The chants from the Aberdeen fans congregated in the lower tier of the South Stand of “you’re going down with the Jambos” were hard to take for the majority of those inside Easter Road last night.
But, by the end of another 90 minutes where the men in green-and-white failed to pick up any points and extend a run that now stretches to just one league win in 13, those who had made the journey from the Granite City might just not be that far off with their taunts.
How Hibs have allowed themselves to become embroiled in such a position at this late stage in the season becomes more evident by the week, their inability to convert anything of note in and around the opposition’s penalty box a glaring deficiency among Terry Butcher’s ranks.
Hibs’ last goal came in the 3-1 defeat by Partick Thistle more than three weeks ago, Duncan Watmore’s strike the mark of an alarmingly low tally which now sits at just one from their last five league outings.
“We need to score goals to win games and we aren’t doing that,” Butcher said in the aftermath of the club’s third defeat by Aberdeen this season. “We’ve done well up to the final third, but seem to have erected a glass wall and we can’t get through it, round it or over it.”
Butcher’s pre-match plans were torn up in the warm-up as striker Paul Heffernan, who had been named in the first XI for a rare start, suffered a groin injury and James Collins, who had not scored in nine games before last night and had been dropped to the bench following a poor derby performance, was called upon to stand in.
“Anything that can go wrong is just going wrong at the moment,” said the Hibs boss. “We started the first half really well though and they scored against the run of play with a fantastic strike and then we’ve started the second half well and they’ve scored another goal with a great strike. We certainly worked hard but we were playing against a confident team and a team that knows how to play.”
There were three changes from the loss to Hearts eight days ago, Alex Harris, Paul Cairney and captain Liam Craig all restored to the starting XI at the expense of Watmore, Danny Handling and the suspended Alan Maybury.
There were signs of the visitors’ intent in the early stages as Adam Rooney, Butcher’s former talisman during his tenure at Inverness, outmuscled defenders Michael Nelson and Jordan Forster to cut the ball across the face of the Hibs goal, with Lewis Stevenson reacting the quickest to boot it clear.
But the home side also showed an eagerness to move the ball forward with pace, Harris in particular taking up some useful positions in the Aberdeen half.
However, just as it looked as if Hibs were beginning to find the upper hand, the sucker punch arrived in the form of a quite magnificent strike from Niall McGinn.
Ryan Jack nipped in just ahead of Tom Taiwo to head the ball into the path of the Northern Irishman and the player had time to shape himself for a shot from 25 yards which he duly fired home as the ball sailed across the despairing dive of goalkeeper Ben Williams and into the far right corner of the net.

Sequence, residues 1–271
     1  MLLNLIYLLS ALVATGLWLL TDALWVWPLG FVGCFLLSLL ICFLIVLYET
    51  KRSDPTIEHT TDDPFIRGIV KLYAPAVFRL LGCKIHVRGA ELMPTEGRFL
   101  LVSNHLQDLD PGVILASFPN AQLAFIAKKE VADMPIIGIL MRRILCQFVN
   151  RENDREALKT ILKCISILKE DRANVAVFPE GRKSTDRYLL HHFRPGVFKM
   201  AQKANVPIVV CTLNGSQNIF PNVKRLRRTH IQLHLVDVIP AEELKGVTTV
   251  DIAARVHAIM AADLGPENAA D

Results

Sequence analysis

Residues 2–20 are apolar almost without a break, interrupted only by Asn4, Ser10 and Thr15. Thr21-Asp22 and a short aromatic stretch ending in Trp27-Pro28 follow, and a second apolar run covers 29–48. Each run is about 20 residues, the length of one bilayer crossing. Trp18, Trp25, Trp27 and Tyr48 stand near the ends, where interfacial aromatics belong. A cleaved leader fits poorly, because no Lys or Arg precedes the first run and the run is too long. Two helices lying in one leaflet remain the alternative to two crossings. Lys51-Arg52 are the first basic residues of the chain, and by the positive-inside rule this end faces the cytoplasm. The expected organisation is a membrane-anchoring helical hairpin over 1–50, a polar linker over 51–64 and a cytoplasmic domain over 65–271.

Aberdeen grew in confidence and rediscovered their composure to push the Hibs rearguard further back as they went in search of a second goal but Hibs, from the wide areas in particular, still offered a threat in the opposition half, but too often failed to test goalkeeper Jamie Langfield when in a position to do so.
McGinn tried his luck again, this time with his right foot after easily dispossessing Forster but he shot wide of Williams’ right-hand post before the upright came to the rescue as the Aberdeen goalscorer was allowed to cut in from the right and his resulting shot from 16 yards came back off the base of the left frame of goal.
Sixty seconds later and 40 minutes in, Hibs registered their first effort on goal when Taiwo’s effort from distance drifted aimlessly wide of the target.
The visitors then hit the post for a second time in a matter of minutes when Craig’s intended pass for Forster was easily read by Barry Robson and the former Celtic winger showed great awareness to pick out an unmarked Rooney in the penalty area. However, the striker’s first-time effort shaved another bit off the Hibs goal frame.
Hibs, similarly to the opening 45, came out the blocks fast after the interval but were shown up in the final third with some poor decision making. There were, however, shouts for a penalty when Russell Anderson was clumsy in trying to dispossess Collins who had his back to goal, but referee Bobby Madden adjudged there to be no infringement from the Aberdeen captain.
McGinn then provided a rather uncomfortable closing half-hour for the home support when he collected a pass from Rooney inside the penalty area and had ample time to steady himself before shooting off the underside of the crossbar and in to kill off any hopes of a Hibs comeback – the Dons supporters providing a parting gift to the decreasing home contingent by rejoicing in what has now become a real dogfight for the Leith club in avoiding the relegation play-off spot.
Victory puts some breathing space between second-placed Aberdeen and Motherwell, who are three points adrift, in the chase for the league’s runners-up berth.
“I was really pleased with our approach from start to finish,” Aberdeen boss Derek McInnes said.
“We felt we needed to make sure we put the Hibs players under pressure when they had possession of the ball and really test their bravery and I thought we did that.
“I don’t think Hibs ever put us under any real pressure and I think that was down to the work-rate of the players. I thought the two goals we scored from Niall were good enough to win any game.”